What is Trauma?
Trauma is a serious injury or shock
to the body. It is caused by a physical force such as violence or an accident. The injury may be complicated by psychiatric, behavioral, and social factors.
It is critical to have an entire team immediately available to provide care to an injured patient 24-hours a day. This teamwork starts at the scene of the injury where a coordinated, statewide pre-hospital medical system rapidly transports the injured patient from the scene to the hospital providing the appropriate level of care according to criteria established in the statewide trauma regulations. Once at the hospital, a complete team of surgeons, emergency physicians and nurses continue the life-saving treatment.
This team approach to care of the injured patient has had a dramatic impact on saving lives.
Minimally Invasive Procedures for Massive Bleeding
Injuries take many forms. The most advanced hospitals can treat injuries with a variety of approaches that involve well-known ones, like surgery, and newer ones where minimally invasive procedures can replace some surgeries.
As a Level 1 Trauma Center, Hartford Hospital has Interventional Radiologists as part of the Trauma Team. They perform procedures such as "embolization" which is a recognized interventional radiology technique that is used to treat trauma patients with massive bleeding.
Click here to see some of the advanced interventional techniques available at Hartford Hospital.
Learn more about trauma
, or search below to learn about other health conditions.
| Reasons for Procedure
| Possible Complications
| What to Expect
| Call Your Doctor
The perineum is the area between the vagina and the anus. It is made up of skin and muscle. During an episiotomy, an incision is made in the perineum.
Reasons for Procedure
The incision is made to make the vaginal opening larger during birth. In the past, this incision was common. But it is no longer routinely done.
Your doctor may do an episiotomy if:
The baby is:
or otherwise fragile
- Large and the shoulders may be hard to deliver
- Forceps or a vacuum are needed to assist in the delivery
Some short-term complications may include:
- Difficulty controlling your bowels
Factors that may increase the risk of complications include:
- Severe scar tissue in the area
problems with chronic pain in the vulva
- Short perineum
What to Expect
During a prenatal visit, talk to your doctor about the benefits and risks of an episiotomy.
If you have not had epidural anesthesia during labor, the doctor may use local or
The infant's head will start to stretch the vaginal opening. The doctor will then use special scissors to make an incision in the perineum area.
There are two different incisions that may be used:
- Midline incision: starts at the vagina and follows a straight line to the anus
- Mediolateral: starts at the vagina and continues at an angle
Midline vs. Mediolateral Episiotomy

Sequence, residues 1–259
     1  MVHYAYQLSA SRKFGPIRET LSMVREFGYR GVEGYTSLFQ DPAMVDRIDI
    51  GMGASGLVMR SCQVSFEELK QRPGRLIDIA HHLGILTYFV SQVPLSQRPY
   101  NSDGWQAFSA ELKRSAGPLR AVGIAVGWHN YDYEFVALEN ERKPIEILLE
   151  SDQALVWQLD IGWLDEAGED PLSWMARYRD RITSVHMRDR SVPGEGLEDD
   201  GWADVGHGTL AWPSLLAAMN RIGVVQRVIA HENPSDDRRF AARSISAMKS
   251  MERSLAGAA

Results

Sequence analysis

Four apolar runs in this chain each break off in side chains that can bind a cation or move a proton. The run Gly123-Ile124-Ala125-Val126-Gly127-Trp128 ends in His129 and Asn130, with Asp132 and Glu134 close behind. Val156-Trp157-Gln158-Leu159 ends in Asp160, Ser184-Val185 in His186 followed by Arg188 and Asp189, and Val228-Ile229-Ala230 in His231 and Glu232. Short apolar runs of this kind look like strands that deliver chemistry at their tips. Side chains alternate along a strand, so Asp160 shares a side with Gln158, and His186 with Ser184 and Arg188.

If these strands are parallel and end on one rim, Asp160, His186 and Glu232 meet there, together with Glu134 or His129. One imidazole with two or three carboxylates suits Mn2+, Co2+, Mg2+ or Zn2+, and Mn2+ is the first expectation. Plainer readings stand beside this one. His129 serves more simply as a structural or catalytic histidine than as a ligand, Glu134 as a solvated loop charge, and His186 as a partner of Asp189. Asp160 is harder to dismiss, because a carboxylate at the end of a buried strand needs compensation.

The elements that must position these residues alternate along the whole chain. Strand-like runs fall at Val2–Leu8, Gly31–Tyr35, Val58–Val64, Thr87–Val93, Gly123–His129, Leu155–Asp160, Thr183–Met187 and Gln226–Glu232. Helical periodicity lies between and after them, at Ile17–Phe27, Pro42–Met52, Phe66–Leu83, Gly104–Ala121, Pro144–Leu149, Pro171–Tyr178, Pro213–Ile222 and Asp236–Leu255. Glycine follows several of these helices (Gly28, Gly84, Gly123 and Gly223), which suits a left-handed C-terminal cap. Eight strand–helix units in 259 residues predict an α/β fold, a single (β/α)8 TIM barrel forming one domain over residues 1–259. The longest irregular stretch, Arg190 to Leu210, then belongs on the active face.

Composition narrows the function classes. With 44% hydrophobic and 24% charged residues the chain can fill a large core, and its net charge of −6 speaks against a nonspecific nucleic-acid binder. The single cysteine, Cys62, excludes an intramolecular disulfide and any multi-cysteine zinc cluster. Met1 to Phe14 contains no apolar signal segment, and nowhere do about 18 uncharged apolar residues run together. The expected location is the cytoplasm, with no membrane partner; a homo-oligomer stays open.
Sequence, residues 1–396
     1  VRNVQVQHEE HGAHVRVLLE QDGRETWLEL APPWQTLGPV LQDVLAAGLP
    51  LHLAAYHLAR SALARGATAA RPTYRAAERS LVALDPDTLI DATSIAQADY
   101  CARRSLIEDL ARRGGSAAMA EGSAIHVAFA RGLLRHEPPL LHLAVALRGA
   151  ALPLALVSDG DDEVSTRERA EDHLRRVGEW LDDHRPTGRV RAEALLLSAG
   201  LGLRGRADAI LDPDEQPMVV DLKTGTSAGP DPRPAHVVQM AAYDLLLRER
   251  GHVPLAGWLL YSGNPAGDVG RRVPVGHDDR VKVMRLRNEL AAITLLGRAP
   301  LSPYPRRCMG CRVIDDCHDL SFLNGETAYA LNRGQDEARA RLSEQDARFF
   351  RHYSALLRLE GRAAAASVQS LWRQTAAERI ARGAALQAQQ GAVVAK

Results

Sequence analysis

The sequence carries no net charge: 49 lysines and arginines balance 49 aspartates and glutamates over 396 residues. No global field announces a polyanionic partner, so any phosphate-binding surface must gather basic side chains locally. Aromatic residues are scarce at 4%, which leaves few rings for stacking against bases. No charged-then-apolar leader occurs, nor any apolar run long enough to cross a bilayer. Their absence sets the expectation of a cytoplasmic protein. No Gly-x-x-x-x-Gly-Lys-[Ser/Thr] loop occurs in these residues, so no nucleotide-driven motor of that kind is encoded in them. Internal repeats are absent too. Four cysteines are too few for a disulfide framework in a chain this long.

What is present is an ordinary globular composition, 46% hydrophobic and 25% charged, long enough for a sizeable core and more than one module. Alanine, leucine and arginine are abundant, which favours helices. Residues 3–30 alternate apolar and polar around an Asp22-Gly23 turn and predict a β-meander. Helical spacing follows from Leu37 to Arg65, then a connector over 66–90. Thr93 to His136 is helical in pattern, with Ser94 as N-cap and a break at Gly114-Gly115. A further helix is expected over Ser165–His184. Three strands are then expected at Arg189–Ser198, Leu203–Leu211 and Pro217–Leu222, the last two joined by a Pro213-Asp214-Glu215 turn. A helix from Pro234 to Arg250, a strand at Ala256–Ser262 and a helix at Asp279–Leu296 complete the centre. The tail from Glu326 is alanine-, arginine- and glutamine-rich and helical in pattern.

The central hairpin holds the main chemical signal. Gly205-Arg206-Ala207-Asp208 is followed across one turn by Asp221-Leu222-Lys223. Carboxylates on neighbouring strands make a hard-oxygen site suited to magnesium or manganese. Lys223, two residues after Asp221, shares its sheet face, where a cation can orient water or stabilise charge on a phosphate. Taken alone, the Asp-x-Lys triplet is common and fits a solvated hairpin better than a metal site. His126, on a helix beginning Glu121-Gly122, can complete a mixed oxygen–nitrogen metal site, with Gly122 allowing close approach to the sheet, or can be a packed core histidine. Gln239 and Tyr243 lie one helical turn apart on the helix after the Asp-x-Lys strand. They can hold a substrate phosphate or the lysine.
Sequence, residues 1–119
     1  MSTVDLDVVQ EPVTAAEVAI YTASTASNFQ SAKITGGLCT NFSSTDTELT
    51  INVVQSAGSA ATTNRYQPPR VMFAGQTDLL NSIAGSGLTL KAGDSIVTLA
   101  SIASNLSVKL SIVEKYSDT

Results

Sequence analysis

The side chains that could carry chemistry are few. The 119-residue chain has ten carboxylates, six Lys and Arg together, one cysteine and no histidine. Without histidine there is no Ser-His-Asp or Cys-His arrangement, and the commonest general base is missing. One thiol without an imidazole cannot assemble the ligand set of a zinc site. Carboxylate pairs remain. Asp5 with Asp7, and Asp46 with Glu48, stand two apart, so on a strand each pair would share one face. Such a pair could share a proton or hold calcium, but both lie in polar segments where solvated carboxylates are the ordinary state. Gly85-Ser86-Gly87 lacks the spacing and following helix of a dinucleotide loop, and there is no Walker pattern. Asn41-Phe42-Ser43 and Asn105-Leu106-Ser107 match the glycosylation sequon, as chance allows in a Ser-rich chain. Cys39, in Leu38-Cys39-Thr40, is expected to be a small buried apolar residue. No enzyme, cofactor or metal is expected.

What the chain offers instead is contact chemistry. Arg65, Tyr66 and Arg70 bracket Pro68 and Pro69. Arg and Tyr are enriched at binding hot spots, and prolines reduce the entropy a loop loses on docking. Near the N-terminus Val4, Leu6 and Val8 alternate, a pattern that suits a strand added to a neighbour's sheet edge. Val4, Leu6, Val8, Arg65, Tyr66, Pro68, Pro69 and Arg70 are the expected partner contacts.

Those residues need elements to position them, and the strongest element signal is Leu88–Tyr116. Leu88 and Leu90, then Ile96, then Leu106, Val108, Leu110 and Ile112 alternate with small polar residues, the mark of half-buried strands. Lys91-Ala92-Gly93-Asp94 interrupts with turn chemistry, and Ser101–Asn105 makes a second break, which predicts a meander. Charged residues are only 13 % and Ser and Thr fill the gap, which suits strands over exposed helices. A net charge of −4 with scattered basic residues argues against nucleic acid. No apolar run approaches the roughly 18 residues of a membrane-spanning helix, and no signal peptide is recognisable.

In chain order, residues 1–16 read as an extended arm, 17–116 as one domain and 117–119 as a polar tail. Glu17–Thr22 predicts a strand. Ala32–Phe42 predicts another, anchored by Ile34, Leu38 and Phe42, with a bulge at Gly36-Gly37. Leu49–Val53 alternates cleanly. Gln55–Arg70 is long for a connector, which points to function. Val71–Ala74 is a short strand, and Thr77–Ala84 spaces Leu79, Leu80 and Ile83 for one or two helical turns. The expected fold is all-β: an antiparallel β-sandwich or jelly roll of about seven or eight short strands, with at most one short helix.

Copyright © Nucleus Medical Media, Inc.
After delivery of the baby and placenta, your doctor will close the incision with absorbable stitches.
This is done during childbirth.
If you receive anesthesia, you will not feel pain during the procedure. After delivery, most women have discomfort and swelling. You may need to take pain medicine.
The usual length of stay for vaginal delivery is two days. An episiotomy will not extend your stay.
Your stitches will dissolve in about 10 days. The cut will heal within about two weeks. There may still be some soreness until the skin gets its natural strength back. This could take up to six weeks. During that time, you may find it uncomfortable to sit or walk. Ways to care for your perineum include:
- For the first 24 hours after delivery, apply ice. Wrap the ice in a towel. Do not apply it directly to your skin.
- Ask your doctor about when it is safe to shower, bathe, or soak in water.
- When your doctor says it is okay, take a sitz bath several times each day. This involves immersing your hips and buttocks in water. Cool water may help to relieve discomfort.
- Do not strain when moving your bowels. Your doctor may ask you to take a laxative or stool softener.
- Use a spray bottle of water to clean the area after going to the bathroom.
- Use spray, medicated pads, or medicine as directed by your doctor.
When your doctor tells you to, do
Kegel exercises. Simply squeeze the muscles you use to stop the flow of urine. This strengthens the pelvic floor and can help the area heal faster.
- Avoid having sex, douching, and using tampons for six weeks or as directed by your doctor.
Be sure to follow your doctor’s
Call Your Doctor
After arriving home, contact your doctor if any of the following occur:
- Signs of infection, including fever and chills, swelling, redness, foul-smelling discharge
- Pain that you cannot control with the medicines you have been given
- Bleeding from the episiotomy site
- Continuing problems with
loss of urinary or bowel control
In case of an emergency, call for medical help right away.
Episiotomy. ACOG practice bulletin No. 71.
Obstet Gynecol. 2006;107:957-962.
Episiotomy. American Pregnancy Association website. Available at:
http://www.americanpregnancy.org/labornbirth/episiotomy.html. Accessed August 13, 2012.
Episiotomies. Brigham and Women's Hospital website. Available at:
http://www.brighamandwomens.org/departments_and_services/obgyn/services/midwifery/patient/episiotomies.aspx. Accessed August 13, 2012.
Last reviewed September 2012 by Andrea Chisholm
Please be aware that this information is provided to supplement the care provided by your physician. It is neither intended nor implied to be a substitute for professional medical advice. CALL YOUR HEALTHCARE PROVIDER IMMEDIATELY IF YOU THINK YOU MAY HAVE A MEDICAL EMERGENCY. Always seek the advice of your physician or other qualified health provider prior to starting any new treatment or with any questions you may have regarding a medical condition.
Copyright © EBSCO Publishing. All rights reserved.